Health insurance should be as important as auto and homeowner’s coverage, if not more so. As an entrepreneur in the fields of finance and insurance, I’m always surprised when I work with professionals who haven’t considered the costs of their health coverage when they retire.
Equally concerning are estimates that the average 65-year-old couple can expect health care costs of more than $275,000 in their retirement years. Unless their retirement packages include ongoing coverage and they’re eligible for supplemental insurance, many people risk spending the bulk of their retirement savings on the aftermath of a major medical event.
With some careful planning, it’s possible to avoid that dreary future and focus on enjoying retirement rather than the effect of potential claims on a fragile nest egg.
Why Health Insurance Matters In Retirement
Wondering why health insurance should be a part of your retirement planning? Let me explain:
The future of healthcare is uncertain. With the proposed changes to mandated health insurance coverage and programs pulling back from the Affordable Care Act, Americans about to retire find themselves in a gray area for health insurance. Many don’t have coverage and are worried about choosing a provider amid such uncertainty.
Few companies provide health insurance in retirement packages. According to the Kaiser Family Foundation, employer-provided coverage won’t be as much help to retirees as it used to be. Its research indicates that only 25% of large employers even offer retiree health coverage, compared with the 40% of employers who offered it in 1999.
Additionally, the current administration’s intent to amend the ACA is clear, but the details of its plan to change federal insurance laws are not. For anyone nearing retirement, the potential impacts to insurance coverage and costs should be of special concern. For instance, the reintroduction of high-risk pools for pre-existing conditions could lead to declining coverage and higher premiums for many.
Potential tax consequences exist for not having health insurance. While the Republican Party’s most recent attempt to overhaul the American healthcare system failed, the issue still tops the party’s to-do list for 2018. One of the proposed changes the GOP has loudly touted in past health bills is the elimination of the penalty for not having insurance.
While the fine no longer exists, two recent versions of the bill suggested people without insurance for more than 63 days would have to pay a 30% premium penalty or forgo coverage for six months. It’s possible these provisions could appear in future proposals, but only time will tell.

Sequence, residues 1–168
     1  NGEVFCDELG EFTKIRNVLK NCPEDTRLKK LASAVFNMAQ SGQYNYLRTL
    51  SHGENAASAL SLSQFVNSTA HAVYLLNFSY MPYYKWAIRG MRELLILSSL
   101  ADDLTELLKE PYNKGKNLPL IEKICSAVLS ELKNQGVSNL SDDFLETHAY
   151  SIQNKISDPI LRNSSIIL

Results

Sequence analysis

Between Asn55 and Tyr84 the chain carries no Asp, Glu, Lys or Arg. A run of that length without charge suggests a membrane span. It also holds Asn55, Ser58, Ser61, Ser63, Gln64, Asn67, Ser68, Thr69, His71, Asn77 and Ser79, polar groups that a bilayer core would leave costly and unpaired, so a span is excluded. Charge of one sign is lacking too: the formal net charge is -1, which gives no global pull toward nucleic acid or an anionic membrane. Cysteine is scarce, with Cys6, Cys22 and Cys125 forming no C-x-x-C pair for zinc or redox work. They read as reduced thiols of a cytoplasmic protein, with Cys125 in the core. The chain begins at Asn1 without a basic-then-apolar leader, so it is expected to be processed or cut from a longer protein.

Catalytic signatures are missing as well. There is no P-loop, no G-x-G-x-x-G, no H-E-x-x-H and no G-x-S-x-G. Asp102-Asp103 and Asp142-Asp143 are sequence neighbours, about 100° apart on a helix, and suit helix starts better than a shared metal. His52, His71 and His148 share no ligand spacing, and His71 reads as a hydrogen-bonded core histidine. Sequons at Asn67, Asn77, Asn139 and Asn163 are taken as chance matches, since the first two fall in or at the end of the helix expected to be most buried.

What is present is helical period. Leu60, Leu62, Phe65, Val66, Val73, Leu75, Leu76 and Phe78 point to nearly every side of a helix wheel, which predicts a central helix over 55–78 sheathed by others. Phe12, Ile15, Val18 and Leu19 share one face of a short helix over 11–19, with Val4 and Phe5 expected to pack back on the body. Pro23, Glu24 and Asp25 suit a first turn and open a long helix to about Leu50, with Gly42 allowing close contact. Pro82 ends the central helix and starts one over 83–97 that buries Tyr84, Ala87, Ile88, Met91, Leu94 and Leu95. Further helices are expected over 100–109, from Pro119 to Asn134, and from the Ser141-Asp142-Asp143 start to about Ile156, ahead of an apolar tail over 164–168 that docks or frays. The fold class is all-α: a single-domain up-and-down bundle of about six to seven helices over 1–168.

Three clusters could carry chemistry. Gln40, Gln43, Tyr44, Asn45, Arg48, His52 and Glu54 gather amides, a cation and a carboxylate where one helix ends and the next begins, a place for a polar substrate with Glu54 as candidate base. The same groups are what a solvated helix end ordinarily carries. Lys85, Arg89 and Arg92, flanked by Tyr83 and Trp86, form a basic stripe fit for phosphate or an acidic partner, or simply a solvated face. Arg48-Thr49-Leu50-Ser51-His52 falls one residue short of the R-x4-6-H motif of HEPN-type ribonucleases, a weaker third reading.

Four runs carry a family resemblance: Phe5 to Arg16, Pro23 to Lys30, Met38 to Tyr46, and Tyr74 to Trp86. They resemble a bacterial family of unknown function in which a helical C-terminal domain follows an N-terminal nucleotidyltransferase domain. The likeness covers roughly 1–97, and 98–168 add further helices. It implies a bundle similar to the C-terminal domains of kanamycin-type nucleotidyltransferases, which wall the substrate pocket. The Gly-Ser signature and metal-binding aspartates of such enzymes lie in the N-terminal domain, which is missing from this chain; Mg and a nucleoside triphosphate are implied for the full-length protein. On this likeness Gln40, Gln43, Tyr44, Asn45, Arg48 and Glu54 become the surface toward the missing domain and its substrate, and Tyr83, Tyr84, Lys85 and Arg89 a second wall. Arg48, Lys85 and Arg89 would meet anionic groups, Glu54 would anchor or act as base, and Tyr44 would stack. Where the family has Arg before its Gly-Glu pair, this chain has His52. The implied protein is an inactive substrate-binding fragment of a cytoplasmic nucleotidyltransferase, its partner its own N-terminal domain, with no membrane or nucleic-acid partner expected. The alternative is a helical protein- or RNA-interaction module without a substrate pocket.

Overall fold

What’s clear is that, no matter how well-thought-out a retirement plan is, failure to account for insurance needs can throw a fairly big wrench into the works.
Preparing For A Healthy Retirement
The future of our country’s health care system is uncertain, but the clear path to a healthy and full retirement requires considering what you might need in the years to come and approaching health care insurance with that uncertainty in mind. Use these three strategies to create a thorough plan:
1. Do your research.
Learn the pros and cons of today’s insurance options. You might qualify for Medicare Part A, but Medicare Part B could cost you an out-of-pocket premium. Keep in mind that out-of-pocket costs for premiums increase without employer supplementation. What was once a $250-per-month premium can quickly skyrocket into a $1,000-plus payment for the same coverage.
When I got serious about planning my retirement, I predicted what my out-of-pocket premiums might be. I then created a savings account, and I contribute amounts equal to those predictions. I also sat down with a financial adviser to broaden my spectrum of options. Now, I can focus on the days when I can relax and enjoy the sunsets without worrying about medical bills versus income.
2. Know your risks — and make sure they’re covered.
Know your specific health risks, and know which currently available insurance options cover them. This will serve as an excellent guide to planning for healthcare needs in retirement. If you’re in excellent health and have no risk factors or history of life-threatening illnesses, it might seem like a good idea to focus solely on coverage for major medical events. That strategy could cut down expenses, but it also leaves a significant gap in coverage.
The goal is to cover as many bases as possible. Even something as simple as appendicitis could cost more than $55,000 — and when it happened to my wife, she was in perfect health with no previous issues. Between the ER and laparoscopic surgery, her medical bills exceeded $40,000. Without the right insurance policy, the experience could have been catastrophic for us, both financially and emotionally.
3. Prepare for the worst.
If you buy life insurance for the worst-case scenario, then why not plan for the aftermath of such a scenario? Medical bills can stack up after a major medical event, and in the worst-case scenarios, those bills are often left to family members. Some people might view the discussion about insurance as taboo. But, practically speaking, it’s worse to avoid the discussion and fail to plan.
Making sure the whole family is prepared for the worst can be difficult, but it’s absolutely necessary. When my family lost someone who hadn’t prepared, the financial burdens were compounded by the emotional stress of an already devastating situation. Even a modest life insurance policy can help lift that burden by making sure necessary expenses are covered.
When I speak with professionals who haven’t added their health care needs to their retirement planning, they’re often as surprised as I am that they haven’t considered it. The point of retirement planning is to enjoy your golden years, and you can do that more effectively if you aren’t worrying about how to cover medical expenses.